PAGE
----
Goldstein has been the most vociferous opponent to Atlantic Yards, a massive infill development project that used eminent domain to reclaim several buildings. He was the last holdout, the lone tenant in his building after every other was bought out by the developer, Forest City Ratner. Along with the $3 million, Goldstein has agreed to step down as spokesperson for his anti-Atlantic Yards organization, Develop Don't Destroy Brooklyn, but not to leave the opposition or stop speaking out against the project, something he's been doing for years. Goldstein and his compatriots took their fight all the way to the Supreme Court, claiming that seizing private property for a private development was an abuse of eminent domain.
The court did not agree. As of March 1st, ownership of his home was transferred to the Empire State Development Corp., which told him to pack up his wife and kid and move out by May 7. Yesterday he reached a settlement with the developer, who will give him $3 million to do so; he initially was offered $510,000 by the state to leave.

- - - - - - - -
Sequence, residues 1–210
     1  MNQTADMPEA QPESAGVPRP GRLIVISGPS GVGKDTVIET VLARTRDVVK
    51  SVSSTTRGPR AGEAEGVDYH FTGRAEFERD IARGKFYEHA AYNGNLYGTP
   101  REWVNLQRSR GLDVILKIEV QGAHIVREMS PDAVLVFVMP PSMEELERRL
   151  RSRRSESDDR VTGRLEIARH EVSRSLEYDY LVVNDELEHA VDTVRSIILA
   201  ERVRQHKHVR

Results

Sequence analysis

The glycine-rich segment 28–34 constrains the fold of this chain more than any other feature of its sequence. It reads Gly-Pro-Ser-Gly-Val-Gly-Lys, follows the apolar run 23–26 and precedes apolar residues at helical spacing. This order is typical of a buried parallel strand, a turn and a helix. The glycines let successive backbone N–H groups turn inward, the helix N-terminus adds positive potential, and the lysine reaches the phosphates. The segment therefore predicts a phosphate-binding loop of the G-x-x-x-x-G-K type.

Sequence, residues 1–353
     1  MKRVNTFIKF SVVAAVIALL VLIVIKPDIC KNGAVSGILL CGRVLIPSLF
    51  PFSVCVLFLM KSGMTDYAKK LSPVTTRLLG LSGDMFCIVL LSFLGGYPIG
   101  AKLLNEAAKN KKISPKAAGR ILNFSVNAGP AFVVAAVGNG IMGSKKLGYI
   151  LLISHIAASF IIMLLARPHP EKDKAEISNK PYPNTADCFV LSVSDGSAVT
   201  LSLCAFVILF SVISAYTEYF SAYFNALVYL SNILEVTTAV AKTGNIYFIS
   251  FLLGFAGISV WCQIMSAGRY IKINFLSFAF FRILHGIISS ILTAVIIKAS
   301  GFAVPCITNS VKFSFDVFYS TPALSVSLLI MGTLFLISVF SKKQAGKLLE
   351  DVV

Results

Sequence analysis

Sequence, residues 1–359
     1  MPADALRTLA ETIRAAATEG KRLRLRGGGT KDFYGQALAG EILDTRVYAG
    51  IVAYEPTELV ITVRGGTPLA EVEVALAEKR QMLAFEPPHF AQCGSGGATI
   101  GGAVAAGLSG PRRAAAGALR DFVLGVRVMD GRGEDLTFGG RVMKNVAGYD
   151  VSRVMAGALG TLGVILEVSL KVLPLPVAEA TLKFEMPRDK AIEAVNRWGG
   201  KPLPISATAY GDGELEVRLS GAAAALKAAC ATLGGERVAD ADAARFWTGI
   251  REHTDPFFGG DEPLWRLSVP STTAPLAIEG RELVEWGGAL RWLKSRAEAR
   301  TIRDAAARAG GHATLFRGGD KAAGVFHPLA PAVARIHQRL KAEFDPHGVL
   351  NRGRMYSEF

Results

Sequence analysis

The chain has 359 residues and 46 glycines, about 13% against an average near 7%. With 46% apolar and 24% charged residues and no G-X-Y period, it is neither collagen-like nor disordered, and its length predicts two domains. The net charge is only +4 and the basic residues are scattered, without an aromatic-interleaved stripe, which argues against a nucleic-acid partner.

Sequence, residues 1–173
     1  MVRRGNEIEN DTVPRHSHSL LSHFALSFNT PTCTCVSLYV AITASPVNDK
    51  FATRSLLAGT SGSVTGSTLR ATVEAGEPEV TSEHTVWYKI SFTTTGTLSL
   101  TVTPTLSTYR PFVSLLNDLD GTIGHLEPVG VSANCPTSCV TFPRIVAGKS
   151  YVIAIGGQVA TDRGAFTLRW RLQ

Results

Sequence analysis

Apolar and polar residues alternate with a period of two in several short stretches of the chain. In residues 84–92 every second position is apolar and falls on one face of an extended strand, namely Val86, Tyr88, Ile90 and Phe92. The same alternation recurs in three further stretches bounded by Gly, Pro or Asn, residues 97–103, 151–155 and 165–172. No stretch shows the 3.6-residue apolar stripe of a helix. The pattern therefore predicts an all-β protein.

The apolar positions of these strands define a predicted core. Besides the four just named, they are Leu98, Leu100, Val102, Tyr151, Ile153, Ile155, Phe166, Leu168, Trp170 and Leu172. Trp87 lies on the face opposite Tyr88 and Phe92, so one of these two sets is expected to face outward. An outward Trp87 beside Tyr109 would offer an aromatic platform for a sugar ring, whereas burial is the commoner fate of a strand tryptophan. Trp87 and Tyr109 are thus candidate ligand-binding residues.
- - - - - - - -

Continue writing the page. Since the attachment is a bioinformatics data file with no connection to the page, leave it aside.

Certainly, his legacy will be profoundly altered, and plenty have dismissed him as more sellout than holdout. His agreement to a variation on the gag order -- stepping down as DDDB's spokesman -- garnered him a fresh round of derision, too, but it's done nothing to quell his sharp tongue. "It wasn't enough, I guess, for Ratner to decimate my neighborhood, take my home, and kick me out," Goldstein said in a statement. "They also felt they had to cut out my tongue."
He goes on to clarify what happened: "I did not sell my home today. I had no home to sell as the state took my home on March 1st.... My home was seized by the government to give to a private developer. What I did do was agree to leave my home rather quickly in return for a payment. What I did do was what I needed to do as a responsible husband and father to make sure that my family could make an orderly transition to a new home in Brooklyn."
What has he given up in exchange for his three million bucks? A chance at martyrdom, and perhaps his acceptance of such a large sum will hurt the cause in the long run -- people will hold out in other eminent domain abuse cases not to stand up for what's right but to attempt to wrest a larger check from developers.
But what has Goldstein gained? Enough cash for a mint brownstone in a landmark neighborhood ... where eminent domain will almost certainly never threaten to take it.
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